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Helping Older Muscle Grow

(Science Daily) "Age-related muscle loss has been associated with a myriad of other health problems," said senior author Roger A. Fielding, Ph.D., director of the Nutrition, Exercise Physiology and Sarcopenia Laboratory at the USDA HNRCA at Tufts University. "Muscle mass is closely tied to our metabolism and losing it increases the risk of developing metabolic diseases like type 2 diabetes and cardiovascular disease. We also know that a program of moderate physical activity, including resistance exercises, can strongly influence a person's chances of maintaining their ability to walk after age 70."
In addition to resistance exercises, scientists are exploring different approaches to preserving and building muscle mass in older adults. "A few studies suggest gene therapy, nutrient supplementation or hormone replacement therapy can assist with building muscle," said Fielding, who is also a professor at the Friedman School of Nutrition Science and Policy at Tufts University and the Tufts University School of Medicine. "Our identification of a possible microRNA target could help advance the study of these largely untested, but promising approaches to promoting muscle growth in older people."
Community: Remember, we recently learned that boosting our oxytocin levels can help increase muscle mass.
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In U.S., MERS patients did not spread infection to close contacts: CDC

(Reuters) Neither of the two U.S. cases of MERS has spread the often fatal infection to family members or to U.S. healthcare workers who treated them in Indiana and Florida, the Centers for Disease Control and Prevention said on Tuesday.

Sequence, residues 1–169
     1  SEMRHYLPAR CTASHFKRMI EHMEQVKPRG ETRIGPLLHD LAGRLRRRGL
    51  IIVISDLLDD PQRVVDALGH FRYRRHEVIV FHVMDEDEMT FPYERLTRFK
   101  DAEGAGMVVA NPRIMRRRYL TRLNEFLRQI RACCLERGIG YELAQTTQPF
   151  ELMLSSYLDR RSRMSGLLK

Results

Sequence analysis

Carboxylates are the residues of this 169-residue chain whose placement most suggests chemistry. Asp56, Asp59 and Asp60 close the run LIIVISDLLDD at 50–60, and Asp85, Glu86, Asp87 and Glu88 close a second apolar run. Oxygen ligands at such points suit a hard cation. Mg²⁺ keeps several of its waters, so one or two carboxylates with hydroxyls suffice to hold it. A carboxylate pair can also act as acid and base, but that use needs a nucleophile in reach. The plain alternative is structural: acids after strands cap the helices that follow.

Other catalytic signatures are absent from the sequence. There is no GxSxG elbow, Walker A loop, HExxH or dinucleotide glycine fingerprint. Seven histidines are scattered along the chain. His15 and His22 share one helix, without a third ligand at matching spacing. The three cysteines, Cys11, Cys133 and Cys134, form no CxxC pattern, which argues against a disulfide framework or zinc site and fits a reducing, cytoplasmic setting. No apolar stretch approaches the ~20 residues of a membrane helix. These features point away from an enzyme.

Both of the U.S. cases involved healthcare workers who traveled to the United States in May from Saudi Arabia, which remains at the center of the Middle East Respiratory Syndrome (MERS) outbreak.
The CDC said test results of specimens from each of the household members and the healthcare workers in hospitals where the infected men were treated tested negative for both active infection and any signs of previous infection with the virus.
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Human Sweat Can Reduce Anti-Bacterial Properties of Brass Objects in Hospitals and Schools

(Science Daily) University of Leicester researchers discover sweat can cause corrosion of protective qualities of door knobs and taps within an hour of contact.
Sweaty hands can reduce the effectiveness of bacteria-fighting brass objects in hospitals and schools after just an hour of coming into contact with them, according to scientists at the University of Leicester.
While copper found in everyday brass items such as door handles and water taps has an antimicrobial effect on bacteria and is widely used to prevent the spread of disease, Dr John Bond OBE from the University of Leicester's Department of Chemistry has discovered that peoples' sweat can, within an hour of contact with the brass, produce sufficient corrosion to adversely affect its use to kill a range of microorganisms, such as those which might be encountered in a hospital and which can be easily transferred by touch or by a lack of hand hygiene.
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Liver Dangers from Herbal Supplements, OTC and RX Drugs, New Guidelines Warn

(Science Daily) New clinical guidelines on the diagnosis and management of idiosyncratic drug-induced liver injury (DILI) [have been published]. DILI is a rare adverse drug reaction, challenging to diagnose, and can lead to jaundice, liver failure and even death. The frequency of DILI incidence is increasing, as the use of herbal and dietary supplements has drastically increased over the last 10 years.
The new guidelines from the American College of Gastroenterology, intended for use by physician and other health-care providers, include an overview of risk factors, diagnosis evaluation and causality assessment, prognosis factors, and management of hepatotoxicity due to pre-existing chronic liver disease or herbal/dietary supplement intake. One of the key focuses of the guidelines is on herbal and dietary supplements, which many doctors warn should be used with caution.
"A lot of consumers have a preconceived notion that if it's a natural product, it must be safe. But that is not necessarily the case," said Herbert Bonkovsky, MD, FACG, co-author of the guidelines. "Most of these products are not well-regulated and have very little oversight. Traces of heavy metals and prescription drugs have even been found in some herbal and dietary supplements. We encourage patients to talk to their doctor about all medications they are taking, and herbal and dietary supplements should be no exception."